If you met him only briefly, it would be easy to underestimate Dr. Richard Grossman. You’d likely categorize him as soft-spoken. You might say he’s shy, perhaps even meek.
And then you’d be puzzled: How can such an unassuming gentleman be the center of such emotionally charged controversy?
After 38 years practicing in Durango, Grossman is retiring as an obstetrician/gynecologist. He’s famous locally for his stances on abortion and climate change, but those around him in the medical field don’t see such a narrowly focused person.
“He has this huge heart. He cares so much about his patients,” says Dr. Kim Priebe, a cohort of Grossman’s for 11 years at Four Corners OB-GYN. “It’s not the business of medicine at all for him. ... It’s amazing how well he knows his patients and how much he cares about them.”
Whether you agree with his views or not, they’re all based on a deep respect for life and women’s rights. They’re views sculpted from another era, views that today’s generation might not fully appreciate.
His political stances all stem from one concern: overpopulation. By high school, Grossman had realized that although politically inept, he had an aptitude for science.
“I decided one thing I could do was to help with population issues,” Grossman says in an interview at his Bayfield-area home. “And I’ve stuck to that pretty well.”
There’s a bit of a time crunch this morning because he and his wife, Gail, are preparing for a short backpack trip. If there’s a stereotypical doctor’s wife, Gail probably isn’t it. She’s at least as passionate as her husband about issues, including a woman’s right to choose and the environment.
She has a master’s in teaching from Harvard. She was a high school teacher and later spent 21 years teaching at the Durango Early Learning Center. She’s also volunteered with Durango Nature Studies for about two decades.
Over the years, she’s seen the ugliness from those who don’t agree with her husband providing abortion services, and she’s steadfastly supported what he does.
“He’s doing what he believes in, and I believe in it, too,” she says.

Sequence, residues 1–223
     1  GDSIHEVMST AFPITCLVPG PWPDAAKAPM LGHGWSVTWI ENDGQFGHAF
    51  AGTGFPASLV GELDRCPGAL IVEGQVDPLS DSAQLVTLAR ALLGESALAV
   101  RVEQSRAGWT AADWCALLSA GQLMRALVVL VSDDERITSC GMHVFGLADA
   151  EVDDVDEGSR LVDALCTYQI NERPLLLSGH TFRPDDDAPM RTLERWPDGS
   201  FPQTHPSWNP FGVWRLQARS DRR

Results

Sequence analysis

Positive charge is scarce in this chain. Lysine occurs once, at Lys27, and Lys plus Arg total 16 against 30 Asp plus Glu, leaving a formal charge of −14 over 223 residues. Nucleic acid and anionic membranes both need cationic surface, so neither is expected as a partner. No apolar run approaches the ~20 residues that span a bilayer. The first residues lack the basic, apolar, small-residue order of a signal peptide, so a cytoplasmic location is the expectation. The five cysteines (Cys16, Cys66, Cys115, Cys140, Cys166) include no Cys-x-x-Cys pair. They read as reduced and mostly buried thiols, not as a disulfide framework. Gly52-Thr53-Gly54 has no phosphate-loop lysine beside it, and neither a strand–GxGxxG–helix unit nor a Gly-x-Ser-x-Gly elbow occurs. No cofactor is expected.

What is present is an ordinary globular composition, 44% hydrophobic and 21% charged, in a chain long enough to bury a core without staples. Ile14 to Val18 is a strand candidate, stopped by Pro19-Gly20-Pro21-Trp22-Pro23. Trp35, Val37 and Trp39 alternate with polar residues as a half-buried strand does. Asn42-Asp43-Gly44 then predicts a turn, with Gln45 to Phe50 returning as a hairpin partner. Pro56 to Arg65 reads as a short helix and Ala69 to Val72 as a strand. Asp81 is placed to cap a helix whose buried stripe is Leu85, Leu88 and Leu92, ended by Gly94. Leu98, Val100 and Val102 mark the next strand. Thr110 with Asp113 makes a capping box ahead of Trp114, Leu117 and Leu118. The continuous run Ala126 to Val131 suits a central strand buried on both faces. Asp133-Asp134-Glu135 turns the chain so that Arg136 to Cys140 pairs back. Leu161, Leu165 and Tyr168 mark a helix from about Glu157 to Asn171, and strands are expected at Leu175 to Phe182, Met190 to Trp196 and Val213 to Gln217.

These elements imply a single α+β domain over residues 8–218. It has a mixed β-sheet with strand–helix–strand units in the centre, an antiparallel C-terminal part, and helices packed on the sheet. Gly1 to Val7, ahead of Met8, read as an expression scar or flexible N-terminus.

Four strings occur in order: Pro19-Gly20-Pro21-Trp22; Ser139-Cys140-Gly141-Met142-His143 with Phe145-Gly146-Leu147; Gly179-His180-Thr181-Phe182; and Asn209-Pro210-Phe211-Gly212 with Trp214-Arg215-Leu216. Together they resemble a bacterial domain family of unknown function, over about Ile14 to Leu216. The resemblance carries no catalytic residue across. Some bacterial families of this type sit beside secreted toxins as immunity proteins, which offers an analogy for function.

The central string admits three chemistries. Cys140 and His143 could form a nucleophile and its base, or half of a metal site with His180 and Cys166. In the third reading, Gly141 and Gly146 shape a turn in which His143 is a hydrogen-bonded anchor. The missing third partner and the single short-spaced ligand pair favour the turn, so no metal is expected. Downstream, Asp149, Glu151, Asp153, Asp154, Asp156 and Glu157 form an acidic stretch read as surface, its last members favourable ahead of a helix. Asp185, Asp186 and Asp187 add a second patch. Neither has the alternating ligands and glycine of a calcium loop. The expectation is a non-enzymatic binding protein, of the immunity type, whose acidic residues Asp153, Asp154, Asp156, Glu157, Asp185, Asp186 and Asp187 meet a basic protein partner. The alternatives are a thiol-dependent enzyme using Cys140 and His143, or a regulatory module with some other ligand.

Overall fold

She mentions the time that an abortion protester ate lunch outside the Grossmans’ house. When Gail left the house the man yelled at her: “Your husband is a baby-killer.”
That was “outside the rules of engagement,” Dr. Grossman says, planning his words carefully per his custom. But what happened next speaks volumes of the doctor’s way with people, and of his Quaker theology. Though nervous about the outcome, he met with the man through an intermediary, then one-on-one. The man “was troubled for a wonderful reason,” Grossman recalls. The man broke down while telling Grossman he was a single parent to a boy whose mom wanted nothing to do with him.
Grossman’s life experiences pulled him in a different direction from abortion protesters. When he was in college and medical school, abortion was illegal. And when a pregnant college classmate was run over by a train – almost certainly a suicide from the shame and confusion she felt – that galvanized Grossman’s pro-rights stance.
He grew up in Philadelphia, and he and Gail met there at Swarthmore College. They were married in 1966 after his first year of medical school, which he graduated from in 1969. He registered as a conscientious objector to the Vietnam War and, in lieu of going to war, was able to serve as a doctor in an area desperately in need. The Grossmans chose tiny Questa, New Mexico, just north of Taos.